[Python-ideas] Adding function checks to regex

Calvin Spealman ironfroggy at gmail.com
Sat Mar 19 17:35:34 CET 2011


I am -1 on the whole idea.

However, for the sake of argument, I'll say that if it was done I would not
bind the callbacks at match time.

Instead, they would be part of the compiled regex objects.

r = re.compile(r"foo:(?C<check_bounds>\d+)", check_bounds=lambda d: 1 <=
int(d) <= 100)

and then r could be used like any other regex, and you don't need to know
about the callbacks when actually using it, just to build it.

On Sat, Mar 19, 2011 at 12:19 PM, MRAB <python at mrabarnett.plus.com> wrote:

> On 19/03/2011 11:33, Peter Otten wrote:
>
>> MRAB wrote:
>>
>>  Some of those who are relative new to regexes sometimes ask how to write
>>> a regex which checks that a number is in a range or is a valid date.
>>> Although this may be possible, it certainly isn't easy.
>>>
>>>  From what I've read, Perl has a way of including code in a regex, but I
>>> don't think that's a good idea
>>>
>>> However, it occurs to me that there may be a case for being able to call
>>> a supplied function to perform such checking.
>>>
>>> Borrowing some syntax from Perl, it could look like this:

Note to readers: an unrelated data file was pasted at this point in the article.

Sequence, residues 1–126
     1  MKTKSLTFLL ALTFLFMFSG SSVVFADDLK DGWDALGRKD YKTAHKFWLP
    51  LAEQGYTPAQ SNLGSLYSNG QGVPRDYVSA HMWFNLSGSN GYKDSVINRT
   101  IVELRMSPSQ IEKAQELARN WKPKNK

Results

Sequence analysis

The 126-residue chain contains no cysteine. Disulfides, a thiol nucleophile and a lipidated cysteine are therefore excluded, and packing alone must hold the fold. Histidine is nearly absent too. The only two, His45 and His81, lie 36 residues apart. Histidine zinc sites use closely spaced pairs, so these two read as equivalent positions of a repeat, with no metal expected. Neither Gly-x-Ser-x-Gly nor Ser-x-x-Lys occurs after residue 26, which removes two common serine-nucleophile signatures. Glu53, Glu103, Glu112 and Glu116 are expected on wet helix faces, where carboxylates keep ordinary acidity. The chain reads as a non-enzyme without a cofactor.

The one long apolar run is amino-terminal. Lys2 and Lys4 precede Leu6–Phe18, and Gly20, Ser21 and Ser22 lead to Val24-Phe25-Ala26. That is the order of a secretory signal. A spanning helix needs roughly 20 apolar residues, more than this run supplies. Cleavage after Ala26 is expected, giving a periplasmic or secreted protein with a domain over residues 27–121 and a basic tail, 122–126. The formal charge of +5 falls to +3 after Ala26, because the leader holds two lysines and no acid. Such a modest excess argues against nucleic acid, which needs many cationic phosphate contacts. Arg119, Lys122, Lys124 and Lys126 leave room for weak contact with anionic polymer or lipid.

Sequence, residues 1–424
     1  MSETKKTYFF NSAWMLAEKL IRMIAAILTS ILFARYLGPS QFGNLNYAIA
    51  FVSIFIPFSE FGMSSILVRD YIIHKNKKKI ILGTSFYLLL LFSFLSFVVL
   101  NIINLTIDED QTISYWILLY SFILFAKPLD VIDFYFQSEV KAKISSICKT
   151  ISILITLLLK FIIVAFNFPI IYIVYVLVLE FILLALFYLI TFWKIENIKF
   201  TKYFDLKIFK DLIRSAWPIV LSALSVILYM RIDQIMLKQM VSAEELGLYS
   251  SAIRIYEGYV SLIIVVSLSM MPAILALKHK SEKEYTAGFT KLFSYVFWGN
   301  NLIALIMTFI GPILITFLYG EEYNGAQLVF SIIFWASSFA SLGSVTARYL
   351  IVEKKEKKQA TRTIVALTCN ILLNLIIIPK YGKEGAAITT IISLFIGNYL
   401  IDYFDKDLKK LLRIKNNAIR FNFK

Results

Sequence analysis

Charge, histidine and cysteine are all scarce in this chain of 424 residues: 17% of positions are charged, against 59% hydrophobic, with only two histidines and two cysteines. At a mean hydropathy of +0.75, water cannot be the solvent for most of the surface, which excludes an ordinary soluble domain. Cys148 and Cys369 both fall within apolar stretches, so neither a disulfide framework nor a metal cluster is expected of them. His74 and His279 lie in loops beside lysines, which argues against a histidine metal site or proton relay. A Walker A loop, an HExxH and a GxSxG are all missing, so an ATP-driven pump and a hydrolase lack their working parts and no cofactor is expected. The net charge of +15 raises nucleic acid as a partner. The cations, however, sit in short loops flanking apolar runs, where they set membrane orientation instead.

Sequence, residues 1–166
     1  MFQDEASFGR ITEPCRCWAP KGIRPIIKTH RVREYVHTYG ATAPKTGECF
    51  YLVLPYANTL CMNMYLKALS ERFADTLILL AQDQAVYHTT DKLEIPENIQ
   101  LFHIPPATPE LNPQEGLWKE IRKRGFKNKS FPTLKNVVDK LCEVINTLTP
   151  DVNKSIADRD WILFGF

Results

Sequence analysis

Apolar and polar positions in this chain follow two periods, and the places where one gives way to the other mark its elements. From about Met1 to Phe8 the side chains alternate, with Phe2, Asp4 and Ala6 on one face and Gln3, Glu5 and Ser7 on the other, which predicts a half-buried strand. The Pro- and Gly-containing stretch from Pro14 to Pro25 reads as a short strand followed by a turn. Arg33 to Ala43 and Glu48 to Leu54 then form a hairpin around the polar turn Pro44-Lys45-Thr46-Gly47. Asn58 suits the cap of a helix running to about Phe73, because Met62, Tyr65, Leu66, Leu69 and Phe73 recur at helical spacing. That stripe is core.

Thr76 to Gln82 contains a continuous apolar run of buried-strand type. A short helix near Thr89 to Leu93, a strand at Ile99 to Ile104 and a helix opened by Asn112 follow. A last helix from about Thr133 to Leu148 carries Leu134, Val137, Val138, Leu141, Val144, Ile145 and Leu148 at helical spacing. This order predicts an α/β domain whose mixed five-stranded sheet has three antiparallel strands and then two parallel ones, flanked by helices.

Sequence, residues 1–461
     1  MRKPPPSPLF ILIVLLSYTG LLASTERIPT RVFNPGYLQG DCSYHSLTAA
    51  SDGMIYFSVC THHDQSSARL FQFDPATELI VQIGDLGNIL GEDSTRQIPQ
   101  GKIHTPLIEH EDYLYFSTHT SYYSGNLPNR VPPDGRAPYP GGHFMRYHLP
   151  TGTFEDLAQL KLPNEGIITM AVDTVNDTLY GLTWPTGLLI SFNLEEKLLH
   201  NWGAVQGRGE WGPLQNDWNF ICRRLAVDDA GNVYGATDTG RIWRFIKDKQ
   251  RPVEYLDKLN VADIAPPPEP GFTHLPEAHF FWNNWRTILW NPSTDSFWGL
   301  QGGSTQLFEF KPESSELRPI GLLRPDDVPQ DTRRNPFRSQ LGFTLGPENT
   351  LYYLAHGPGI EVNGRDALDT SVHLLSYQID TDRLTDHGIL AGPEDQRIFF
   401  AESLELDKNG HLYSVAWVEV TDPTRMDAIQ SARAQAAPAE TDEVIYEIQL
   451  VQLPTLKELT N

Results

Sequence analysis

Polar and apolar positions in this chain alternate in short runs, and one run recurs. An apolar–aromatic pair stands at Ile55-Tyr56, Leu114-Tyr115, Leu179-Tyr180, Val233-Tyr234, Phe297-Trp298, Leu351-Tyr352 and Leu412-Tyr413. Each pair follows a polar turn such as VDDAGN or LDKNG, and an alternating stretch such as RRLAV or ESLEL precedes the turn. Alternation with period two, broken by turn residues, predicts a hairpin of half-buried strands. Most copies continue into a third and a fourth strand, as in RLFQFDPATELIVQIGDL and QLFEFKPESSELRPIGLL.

>>>
>>>      def range_check(m):
>>>          return 1<= int(m.group())<= 10
>>>
>>>      numbers = regex.findall(r"\b\d+\b(*CALL)", text, call=range_check)
>>>
>>> The regex module would match as normal until the "(*CALL)", at which
>>> point it would call the function. If the function returns True, the
>>> matching continues (and succeeds); if the function returns False, the
>>> matching backtracks (and fails).
>>>
>>
>> I would approach that with
>>
>> numbers = (int(m.group()) for m in re.finditer(r"\b\d+\b"))
>> numbers = [n for n in numbers if 1<= n<= 10]
>>
>> here. This is of similar complexity, but has the advantage that you can
>> use
>> the building blocks throughout your python scripts. Could you give an
>> example where the benefits of the proposed syntax stand out more?
>>
>>  There may be a use case in config files where you define rules (for
> example, Apache <FilesMatch>) or web forms where you have validation,
> but a regex is too limited. This would enable you to add 'richer'
> checking. There could be a predefined set of checks, such as whether a
> date is valid.
>
>
>  The function would be passed a match object.
>>>
>>> An extension, again borrowing the syntax from Perl, could include a tag
>>> like this:
>>>
>>>      numbers = regex.findall(r"\b\d+\b(*CALL:RANGE)", text,
>>> call=range_check)
>>>
>>> The tag would be passed to the function so that it could support
>>> multiple checks.
>>>
>>
>> [brainstorm mode]
>> Could the same be achieved without new regex syntax? I'm thinking of
>> reusing
>> named groups:
>>
>> re.findall(r"\b(?P<number>\d+)\b", text,
>>            number=lambda s: 1<= int(s)<= 10)
>>
>>  I'm not sure about that.
>
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